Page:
<!--REQUEST.................--><env:Envelope xmlns:env=""              xmlns:xsi=""              xmlns:soapenc=""              xmlns:xsd="">   <env:Body env:encodingStyle="">   <m:getText xmlns:m="http://beanws">   </m:getText>   </env:Body></env:Envelope>

Server Response:

<!--RESPONSE.................--><env:Envelope xmlns:env=""              xmlns:xsi=""              xmlns:soapenc=""              xmlns:xsd="">   <env:Body env:encodingStyle="">      <m:getTextResponse xmlns:m="http://beanws">         <result xsi:type="xsd:string">Hello</result>      </m:getTextResponse>   </env:Body></env:Envelope>

Add "?" to the URL You can see the entire WSDL file:

Http: // localhost: 7001/Web-services/bean1? WSDL

Server deployment in the production environment certainly does not use JBuilder to deploy the ear file, but uses the web-based Management Console that is as easy to operate as JBuilder, it is usually run on the same port as the WebLogic Server (for example, http: // localhost: 7001/console ).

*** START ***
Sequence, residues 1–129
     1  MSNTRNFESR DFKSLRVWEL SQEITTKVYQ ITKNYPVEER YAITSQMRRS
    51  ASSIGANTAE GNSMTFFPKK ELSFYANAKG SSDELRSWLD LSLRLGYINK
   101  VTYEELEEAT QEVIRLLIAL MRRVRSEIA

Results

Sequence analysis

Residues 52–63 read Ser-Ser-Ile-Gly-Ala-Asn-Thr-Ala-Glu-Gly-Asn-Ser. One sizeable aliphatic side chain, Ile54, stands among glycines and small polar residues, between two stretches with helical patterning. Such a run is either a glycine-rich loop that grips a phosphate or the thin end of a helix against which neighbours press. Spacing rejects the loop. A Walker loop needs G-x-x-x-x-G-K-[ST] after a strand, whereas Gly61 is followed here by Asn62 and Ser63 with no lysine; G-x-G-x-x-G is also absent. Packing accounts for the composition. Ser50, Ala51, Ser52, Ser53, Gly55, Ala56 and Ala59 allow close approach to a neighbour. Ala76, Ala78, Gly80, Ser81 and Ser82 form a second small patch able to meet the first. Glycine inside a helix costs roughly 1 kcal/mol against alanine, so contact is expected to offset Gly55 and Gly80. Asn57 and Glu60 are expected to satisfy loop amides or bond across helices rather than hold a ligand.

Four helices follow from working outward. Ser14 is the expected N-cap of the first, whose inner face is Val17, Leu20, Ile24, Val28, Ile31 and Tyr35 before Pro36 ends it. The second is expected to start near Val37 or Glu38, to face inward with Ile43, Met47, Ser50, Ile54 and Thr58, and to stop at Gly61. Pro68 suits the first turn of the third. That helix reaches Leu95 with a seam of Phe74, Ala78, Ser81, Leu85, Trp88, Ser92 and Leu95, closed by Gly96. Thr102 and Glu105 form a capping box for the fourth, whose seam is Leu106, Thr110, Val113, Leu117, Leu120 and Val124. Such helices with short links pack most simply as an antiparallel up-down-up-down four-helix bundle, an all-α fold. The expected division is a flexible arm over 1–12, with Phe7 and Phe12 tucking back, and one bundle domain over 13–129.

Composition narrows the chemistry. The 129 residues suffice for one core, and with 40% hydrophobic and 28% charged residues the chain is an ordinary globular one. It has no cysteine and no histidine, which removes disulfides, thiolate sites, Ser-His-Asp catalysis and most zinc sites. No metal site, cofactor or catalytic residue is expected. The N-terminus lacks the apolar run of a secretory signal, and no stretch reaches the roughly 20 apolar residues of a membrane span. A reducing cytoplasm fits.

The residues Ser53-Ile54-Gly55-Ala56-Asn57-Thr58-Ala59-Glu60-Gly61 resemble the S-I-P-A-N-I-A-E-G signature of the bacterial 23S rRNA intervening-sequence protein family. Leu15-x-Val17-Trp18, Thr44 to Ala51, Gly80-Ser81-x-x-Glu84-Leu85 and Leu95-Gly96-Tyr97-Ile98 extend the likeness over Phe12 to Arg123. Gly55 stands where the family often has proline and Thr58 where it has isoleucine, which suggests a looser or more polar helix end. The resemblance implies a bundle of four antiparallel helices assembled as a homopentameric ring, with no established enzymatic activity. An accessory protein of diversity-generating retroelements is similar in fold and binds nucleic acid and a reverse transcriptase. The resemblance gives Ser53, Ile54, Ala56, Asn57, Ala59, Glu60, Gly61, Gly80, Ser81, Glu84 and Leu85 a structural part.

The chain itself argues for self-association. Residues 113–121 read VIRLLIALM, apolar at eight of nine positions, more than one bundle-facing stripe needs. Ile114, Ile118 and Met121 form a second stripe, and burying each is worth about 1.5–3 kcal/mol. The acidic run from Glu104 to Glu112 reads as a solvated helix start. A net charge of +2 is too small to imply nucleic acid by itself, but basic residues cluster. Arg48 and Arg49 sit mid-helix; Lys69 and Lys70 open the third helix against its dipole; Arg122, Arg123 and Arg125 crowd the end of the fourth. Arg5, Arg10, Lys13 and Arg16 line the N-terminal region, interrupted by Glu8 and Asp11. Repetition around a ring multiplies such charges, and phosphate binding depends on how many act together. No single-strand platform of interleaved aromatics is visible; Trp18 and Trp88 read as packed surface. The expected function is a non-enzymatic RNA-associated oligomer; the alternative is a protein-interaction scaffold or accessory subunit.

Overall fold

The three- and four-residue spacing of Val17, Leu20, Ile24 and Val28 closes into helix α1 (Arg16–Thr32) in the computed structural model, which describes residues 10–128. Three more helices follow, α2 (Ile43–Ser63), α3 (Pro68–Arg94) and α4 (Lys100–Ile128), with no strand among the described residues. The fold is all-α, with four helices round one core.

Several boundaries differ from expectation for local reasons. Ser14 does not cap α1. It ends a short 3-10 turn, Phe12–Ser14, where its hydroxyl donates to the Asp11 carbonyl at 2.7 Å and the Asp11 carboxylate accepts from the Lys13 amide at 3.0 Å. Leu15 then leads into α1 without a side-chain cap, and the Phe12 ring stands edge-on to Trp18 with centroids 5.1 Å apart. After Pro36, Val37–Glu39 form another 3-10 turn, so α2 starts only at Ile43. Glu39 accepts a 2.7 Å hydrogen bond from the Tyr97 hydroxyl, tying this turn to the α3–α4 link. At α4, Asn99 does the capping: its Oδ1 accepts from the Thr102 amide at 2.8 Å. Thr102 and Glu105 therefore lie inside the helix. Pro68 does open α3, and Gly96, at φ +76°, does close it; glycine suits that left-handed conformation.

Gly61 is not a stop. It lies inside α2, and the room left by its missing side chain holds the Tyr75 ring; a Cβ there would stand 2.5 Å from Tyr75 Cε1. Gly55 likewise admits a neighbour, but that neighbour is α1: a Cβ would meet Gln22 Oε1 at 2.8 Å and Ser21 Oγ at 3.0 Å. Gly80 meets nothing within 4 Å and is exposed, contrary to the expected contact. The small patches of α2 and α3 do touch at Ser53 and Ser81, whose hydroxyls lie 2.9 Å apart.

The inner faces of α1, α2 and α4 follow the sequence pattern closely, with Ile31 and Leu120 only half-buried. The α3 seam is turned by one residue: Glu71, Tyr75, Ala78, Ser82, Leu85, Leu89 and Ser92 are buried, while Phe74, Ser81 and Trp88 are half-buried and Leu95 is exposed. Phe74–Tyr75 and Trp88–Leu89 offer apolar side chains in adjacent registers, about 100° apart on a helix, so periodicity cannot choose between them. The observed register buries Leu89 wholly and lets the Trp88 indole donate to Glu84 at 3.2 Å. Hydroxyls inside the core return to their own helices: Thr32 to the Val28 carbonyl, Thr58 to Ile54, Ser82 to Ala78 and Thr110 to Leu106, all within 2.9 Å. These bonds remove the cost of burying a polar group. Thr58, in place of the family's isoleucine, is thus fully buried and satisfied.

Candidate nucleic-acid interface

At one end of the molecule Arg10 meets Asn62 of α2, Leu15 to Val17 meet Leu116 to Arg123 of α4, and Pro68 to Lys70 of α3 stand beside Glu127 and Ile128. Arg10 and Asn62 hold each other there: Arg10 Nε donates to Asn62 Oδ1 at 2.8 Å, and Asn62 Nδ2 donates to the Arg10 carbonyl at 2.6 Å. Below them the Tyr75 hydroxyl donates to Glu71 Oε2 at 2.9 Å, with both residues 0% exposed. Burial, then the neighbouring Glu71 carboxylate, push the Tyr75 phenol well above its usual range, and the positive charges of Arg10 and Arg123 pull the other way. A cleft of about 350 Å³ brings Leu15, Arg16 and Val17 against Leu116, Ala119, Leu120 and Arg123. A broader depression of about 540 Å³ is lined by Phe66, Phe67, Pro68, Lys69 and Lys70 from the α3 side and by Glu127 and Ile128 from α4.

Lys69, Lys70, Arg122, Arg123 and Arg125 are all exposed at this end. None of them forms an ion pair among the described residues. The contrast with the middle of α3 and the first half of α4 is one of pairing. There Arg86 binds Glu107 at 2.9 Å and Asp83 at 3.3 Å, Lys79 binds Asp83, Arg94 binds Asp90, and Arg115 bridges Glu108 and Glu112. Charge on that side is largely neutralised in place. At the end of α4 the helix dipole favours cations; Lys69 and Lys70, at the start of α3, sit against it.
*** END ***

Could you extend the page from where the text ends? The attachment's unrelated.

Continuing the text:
See the Weblogic document on how to use the server management function. You can find the applicationmodule. Ear file in the JBuilder project directory.

Simple Client

WebLogic testing clients are not very useful for businesses; other clients want to use their own Web Services. The general mechanism for creating a client is to direct the Web Service toolbox to the WSDL file and generate a client object stub. Use the stub to open the port to the server and call its method. The stubs also hide all the complexities of grouping and ungrouping soap (all processed in the background ). However, because the client module is added to the project, JBuilder automatically adds a generatedwebservicesclient folder for the project and creates the beanw.client.jar file.

This jar file contains all the files required to add a full-featured client to bean1.

Follow these steps to create a simple test client:

Create a new package named "test" and add a new test class.

Then, importBeanexport. generated .*Package; because the program is in the project, it should already be in the class path.

Create a connection to the service by generating a stub: